The 2016 consensus statement from the International Association for the Study of Lung Cancer (IASLC) describes how to best manage epidermal growth factor receptor (EGFR)-mutation-positive (M+) non-small cell lung cancer (NSCLC). The statement discusses pathologic, diagnostic, and therapeutic considerations and provides recommendations for clinical guidance and research priorities.1
This report, published in the Journal of Thoracic Oncology, outlines optimal choice of EGFR tyrosine kinase inhibitors (TKIs), role of re-biopsies, management of brain metastasis, and use of circulating free DNA for molecular studies.
Patients with EGFR M+ NSCLC usually experience high response rates and improved outcomes. This subset of patients with NSCLC has particularly benefitted from EGFR TKIs. The IASLC responded to these rapid changes in treatment for this subgroup of patients to review emerging data and provide recommendations for contemporary management of the disease.
“Scientific knowledge about EGFR mutation has advanced dramatically since its discovery in 2004, and these advances have made a direct impact on the clinical management of patients with NSCLC. Noting the importance of understanding EGFR, experts from the IASLC published a report in 2013,” said Tony Mok, MD, professor in the Department of Clinical Oncology at the Chinese University of Hong Kong in Prince of Wales Hospital in Hong Kong, and corresponding author of the report.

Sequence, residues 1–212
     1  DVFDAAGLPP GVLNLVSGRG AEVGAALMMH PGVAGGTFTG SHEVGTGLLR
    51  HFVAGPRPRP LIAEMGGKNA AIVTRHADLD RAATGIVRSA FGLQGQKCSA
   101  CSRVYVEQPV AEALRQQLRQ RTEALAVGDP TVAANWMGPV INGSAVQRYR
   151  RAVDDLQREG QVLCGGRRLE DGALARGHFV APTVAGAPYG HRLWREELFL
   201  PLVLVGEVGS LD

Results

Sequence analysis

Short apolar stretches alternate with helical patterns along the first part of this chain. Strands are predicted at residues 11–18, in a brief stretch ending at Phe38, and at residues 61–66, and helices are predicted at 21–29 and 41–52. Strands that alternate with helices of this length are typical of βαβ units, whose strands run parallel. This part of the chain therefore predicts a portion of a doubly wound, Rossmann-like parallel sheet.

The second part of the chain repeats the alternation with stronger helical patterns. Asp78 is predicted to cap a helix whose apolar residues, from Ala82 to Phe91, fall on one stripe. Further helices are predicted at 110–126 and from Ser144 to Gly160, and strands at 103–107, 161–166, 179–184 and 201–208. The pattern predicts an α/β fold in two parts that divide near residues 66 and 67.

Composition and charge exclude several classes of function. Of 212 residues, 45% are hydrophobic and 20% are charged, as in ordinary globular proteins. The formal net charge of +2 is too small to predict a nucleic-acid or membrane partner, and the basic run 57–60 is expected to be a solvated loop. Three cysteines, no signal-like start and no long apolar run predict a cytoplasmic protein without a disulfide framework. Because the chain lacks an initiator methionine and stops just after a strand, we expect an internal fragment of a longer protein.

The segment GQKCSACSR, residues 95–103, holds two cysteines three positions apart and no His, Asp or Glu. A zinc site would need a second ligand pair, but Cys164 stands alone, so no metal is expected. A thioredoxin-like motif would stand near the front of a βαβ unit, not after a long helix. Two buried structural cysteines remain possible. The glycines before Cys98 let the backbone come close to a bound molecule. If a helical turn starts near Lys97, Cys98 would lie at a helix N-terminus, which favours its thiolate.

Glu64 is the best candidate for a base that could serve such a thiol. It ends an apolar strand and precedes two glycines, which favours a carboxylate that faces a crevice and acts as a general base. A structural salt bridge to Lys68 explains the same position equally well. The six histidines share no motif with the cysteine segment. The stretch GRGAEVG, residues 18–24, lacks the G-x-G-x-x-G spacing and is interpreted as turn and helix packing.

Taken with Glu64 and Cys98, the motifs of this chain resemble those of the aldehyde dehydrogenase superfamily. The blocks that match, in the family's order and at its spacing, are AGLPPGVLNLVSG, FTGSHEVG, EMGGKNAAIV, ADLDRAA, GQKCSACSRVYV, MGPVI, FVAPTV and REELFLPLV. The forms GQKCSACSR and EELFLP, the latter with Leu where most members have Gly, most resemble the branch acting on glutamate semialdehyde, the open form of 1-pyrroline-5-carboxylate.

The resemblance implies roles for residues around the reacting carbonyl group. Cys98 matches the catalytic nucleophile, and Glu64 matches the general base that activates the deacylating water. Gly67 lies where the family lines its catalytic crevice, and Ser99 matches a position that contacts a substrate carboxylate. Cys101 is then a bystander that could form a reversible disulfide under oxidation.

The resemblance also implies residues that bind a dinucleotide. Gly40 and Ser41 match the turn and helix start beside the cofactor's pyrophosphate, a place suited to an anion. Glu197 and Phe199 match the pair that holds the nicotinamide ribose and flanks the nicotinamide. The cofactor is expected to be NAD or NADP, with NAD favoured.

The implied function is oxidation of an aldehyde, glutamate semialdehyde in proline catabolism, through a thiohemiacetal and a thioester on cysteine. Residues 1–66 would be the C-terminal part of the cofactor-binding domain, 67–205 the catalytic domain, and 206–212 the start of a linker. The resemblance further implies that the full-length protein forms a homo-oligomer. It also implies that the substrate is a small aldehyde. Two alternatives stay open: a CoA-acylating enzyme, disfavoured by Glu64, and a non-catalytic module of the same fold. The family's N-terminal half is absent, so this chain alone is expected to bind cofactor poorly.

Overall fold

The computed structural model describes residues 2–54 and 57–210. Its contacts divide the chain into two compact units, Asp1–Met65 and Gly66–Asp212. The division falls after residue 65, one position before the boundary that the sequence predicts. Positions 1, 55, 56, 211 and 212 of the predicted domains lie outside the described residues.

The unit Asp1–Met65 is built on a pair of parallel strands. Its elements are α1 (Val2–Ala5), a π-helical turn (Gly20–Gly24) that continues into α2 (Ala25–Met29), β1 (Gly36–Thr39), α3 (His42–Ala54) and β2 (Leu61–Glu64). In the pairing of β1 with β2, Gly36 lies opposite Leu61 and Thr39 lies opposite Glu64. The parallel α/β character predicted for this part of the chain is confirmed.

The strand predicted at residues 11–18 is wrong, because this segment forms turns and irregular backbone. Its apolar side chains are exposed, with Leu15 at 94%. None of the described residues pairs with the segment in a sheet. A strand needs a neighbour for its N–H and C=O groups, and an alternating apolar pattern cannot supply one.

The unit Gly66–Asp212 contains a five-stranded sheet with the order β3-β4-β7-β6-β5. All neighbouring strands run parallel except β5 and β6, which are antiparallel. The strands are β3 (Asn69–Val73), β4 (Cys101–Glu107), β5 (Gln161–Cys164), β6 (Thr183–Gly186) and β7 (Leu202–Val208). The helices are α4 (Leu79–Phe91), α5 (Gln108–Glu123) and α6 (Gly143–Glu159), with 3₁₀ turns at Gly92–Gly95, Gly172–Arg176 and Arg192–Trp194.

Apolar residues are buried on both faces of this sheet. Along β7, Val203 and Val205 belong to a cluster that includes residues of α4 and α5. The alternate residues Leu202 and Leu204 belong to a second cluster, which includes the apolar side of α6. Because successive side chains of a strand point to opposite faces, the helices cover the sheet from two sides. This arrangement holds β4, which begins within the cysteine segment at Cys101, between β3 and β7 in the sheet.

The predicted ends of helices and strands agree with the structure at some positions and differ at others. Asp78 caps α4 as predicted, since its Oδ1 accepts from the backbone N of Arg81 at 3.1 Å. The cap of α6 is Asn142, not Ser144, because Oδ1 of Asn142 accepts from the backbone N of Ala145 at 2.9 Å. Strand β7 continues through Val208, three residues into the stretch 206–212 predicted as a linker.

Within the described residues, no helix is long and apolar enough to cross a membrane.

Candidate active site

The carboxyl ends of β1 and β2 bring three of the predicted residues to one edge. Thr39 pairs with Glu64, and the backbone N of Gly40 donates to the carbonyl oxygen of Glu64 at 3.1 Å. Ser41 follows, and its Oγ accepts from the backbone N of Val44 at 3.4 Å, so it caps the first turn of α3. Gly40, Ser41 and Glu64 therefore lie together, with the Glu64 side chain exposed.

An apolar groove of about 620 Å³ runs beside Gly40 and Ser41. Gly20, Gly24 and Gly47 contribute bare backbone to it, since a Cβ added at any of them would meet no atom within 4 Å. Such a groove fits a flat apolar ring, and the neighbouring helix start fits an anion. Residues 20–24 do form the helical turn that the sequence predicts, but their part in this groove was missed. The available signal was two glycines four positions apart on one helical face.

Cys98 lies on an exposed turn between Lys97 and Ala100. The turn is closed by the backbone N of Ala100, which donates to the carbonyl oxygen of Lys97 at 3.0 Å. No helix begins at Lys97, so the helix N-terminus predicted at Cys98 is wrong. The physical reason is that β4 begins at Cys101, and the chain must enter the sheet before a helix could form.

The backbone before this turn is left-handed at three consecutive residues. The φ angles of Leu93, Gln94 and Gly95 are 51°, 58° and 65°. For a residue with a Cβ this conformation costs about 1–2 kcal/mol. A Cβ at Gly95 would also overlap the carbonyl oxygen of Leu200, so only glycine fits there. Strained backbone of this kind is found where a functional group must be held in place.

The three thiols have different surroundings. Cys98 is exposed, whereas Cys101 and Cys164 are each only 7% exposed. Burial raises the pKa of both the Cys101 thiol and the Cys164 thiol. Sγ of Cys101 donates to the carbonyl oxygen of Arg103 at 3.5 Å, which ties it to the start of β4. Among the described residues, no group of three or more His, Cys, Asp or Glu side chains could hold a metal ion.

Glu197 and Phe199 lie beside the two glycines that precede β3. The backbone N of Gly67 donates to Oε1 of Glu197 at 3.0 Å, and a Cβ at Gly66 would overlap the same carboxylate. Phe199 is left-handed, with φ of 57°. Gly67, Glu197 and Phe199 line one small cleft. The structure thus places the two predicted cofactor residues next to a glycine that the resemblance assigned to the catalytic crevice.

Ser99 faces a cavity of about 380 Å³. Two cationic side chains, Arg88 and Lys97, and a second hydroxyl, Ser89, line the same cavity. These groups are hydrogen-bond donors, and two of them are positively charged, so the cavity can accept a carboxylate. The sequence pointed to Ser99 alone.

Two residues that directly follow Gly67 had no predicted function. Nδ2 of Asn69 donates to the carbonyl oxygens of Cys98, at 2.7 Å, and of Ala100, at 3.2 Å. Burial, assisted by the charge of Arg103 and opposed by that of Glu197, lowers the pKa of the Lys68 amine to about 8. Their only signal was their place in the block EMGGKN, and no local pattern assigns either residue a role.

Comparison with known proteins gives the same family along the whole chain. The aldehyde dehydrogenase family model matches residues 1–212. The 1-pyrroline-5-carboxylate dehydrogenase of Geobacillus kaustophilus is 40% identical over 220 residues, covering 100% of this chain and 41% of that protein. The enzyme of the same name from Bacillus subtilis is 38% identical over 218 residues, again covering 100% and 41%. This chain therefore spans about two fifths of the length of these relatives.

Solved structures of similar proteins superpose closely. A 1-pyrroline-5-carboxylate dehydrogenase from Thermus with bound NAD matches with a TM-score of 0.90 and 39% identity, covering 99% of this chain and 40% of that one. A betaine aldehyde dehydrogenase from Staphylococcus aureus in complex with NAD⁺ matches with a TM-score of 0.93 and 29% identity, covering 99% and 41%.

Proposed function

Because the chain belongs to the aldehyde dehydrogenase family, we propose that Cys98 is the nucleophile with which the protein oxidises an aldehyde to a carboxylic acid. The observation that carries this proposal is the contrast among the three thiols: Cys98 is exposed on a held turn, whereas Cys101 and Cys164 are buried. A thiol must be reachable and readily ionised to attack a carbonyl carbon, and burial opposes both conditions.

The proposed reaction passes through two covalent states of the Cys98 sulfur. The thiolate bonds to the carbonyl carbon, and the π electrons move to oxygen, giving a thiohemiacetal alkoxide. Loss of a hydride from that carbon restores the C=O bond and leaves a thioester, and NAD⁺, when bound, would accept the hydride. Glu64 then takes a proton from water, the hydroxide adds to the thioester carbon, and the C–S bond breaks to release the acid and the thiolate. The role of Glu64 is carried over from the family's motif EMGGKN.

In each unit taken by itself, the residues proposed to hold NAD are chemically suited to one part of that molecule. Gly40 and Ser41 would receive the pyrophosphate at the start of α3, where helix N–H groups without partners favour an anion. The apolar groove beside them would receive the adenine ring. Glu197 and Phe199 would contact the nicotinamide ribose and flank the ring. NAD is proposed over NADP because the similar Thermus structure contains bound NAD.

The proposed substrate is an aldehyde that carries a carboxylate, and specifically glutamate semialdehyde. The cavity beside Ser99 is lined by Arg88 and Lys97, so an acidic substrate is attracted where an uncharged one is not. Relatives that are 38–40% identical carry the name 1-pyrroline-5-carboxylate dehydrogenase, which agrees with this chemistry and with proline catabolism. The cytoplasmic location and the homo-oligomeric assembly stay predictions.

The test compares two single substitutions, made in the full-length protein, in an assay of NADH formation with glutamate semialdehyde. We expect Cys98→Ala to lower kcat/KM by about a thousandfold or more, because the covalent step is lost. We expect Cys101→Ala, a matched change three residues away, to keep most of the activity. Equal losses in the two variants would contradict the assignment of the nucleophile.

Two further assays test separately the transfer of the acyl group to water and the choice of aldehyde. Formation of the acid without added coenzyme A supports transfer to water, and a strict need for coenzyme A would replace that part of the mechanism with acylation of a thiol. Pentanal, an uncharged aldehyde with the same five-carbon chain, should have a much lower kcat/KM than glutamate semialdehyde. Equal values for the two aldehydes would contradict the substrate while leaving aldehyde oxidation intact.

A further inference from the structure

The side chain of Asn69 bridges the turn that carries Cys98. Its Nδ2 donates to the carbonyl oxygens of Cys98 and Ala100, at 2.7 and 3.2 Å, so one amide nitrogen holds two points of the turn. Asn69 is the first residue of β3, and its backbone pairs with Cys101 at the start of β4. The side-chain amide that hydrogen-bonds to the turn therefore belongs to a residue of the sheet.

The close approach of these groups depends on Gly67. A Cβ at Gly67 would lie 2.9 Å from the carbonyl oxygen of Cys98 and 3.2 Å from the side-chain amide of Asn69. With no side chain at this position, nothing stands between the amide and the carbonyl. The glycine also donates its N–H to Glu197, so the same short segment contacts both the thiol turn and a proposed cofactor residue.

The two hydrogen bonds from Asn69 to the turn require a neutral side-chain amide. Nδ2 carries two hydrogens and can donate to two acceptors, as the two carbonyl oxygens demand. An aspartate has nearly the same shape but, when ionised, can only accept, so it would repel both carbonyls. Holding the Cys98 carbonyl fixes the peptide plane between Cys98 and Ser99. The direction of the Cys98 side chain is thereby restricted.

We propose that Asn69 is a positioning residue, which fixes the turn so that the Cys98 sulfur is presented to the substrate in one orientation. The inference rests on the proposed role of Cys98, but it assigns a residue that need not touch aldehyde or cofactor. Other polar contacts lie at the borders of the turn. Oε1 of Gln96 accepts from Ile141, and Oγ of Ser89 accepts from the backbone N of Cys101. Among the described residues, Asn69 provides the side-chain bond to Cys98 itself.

“However, given the rapidly evolving clinical paradigms, the IASLC again gathered its experts. I have little doubt that the current review offers practitioners cutting edge information in 2016.”
The IASLC report envisions quickly advancing treatments for patients with EGFR M+ NSCLC, especially as new combinations of treatments that incorporate immunotherapy and biomarker testing are increasingly used. These advances have resulted in longer survival, often with sequential treatment options.
“This consensus statement represents a distillation of over a decade of bench-to-bedside research, during which time the clinical community has seen the transformation of metastatic NSCLC into a potentially manageable chronic condition,” said Fred R. Hirsch, MD, PhD, senior author of the article and professor of medicine and pathology at the University of Colorado Cancer Center and School of Medicine, Aurora, Colorado, and CEO of the IASLC.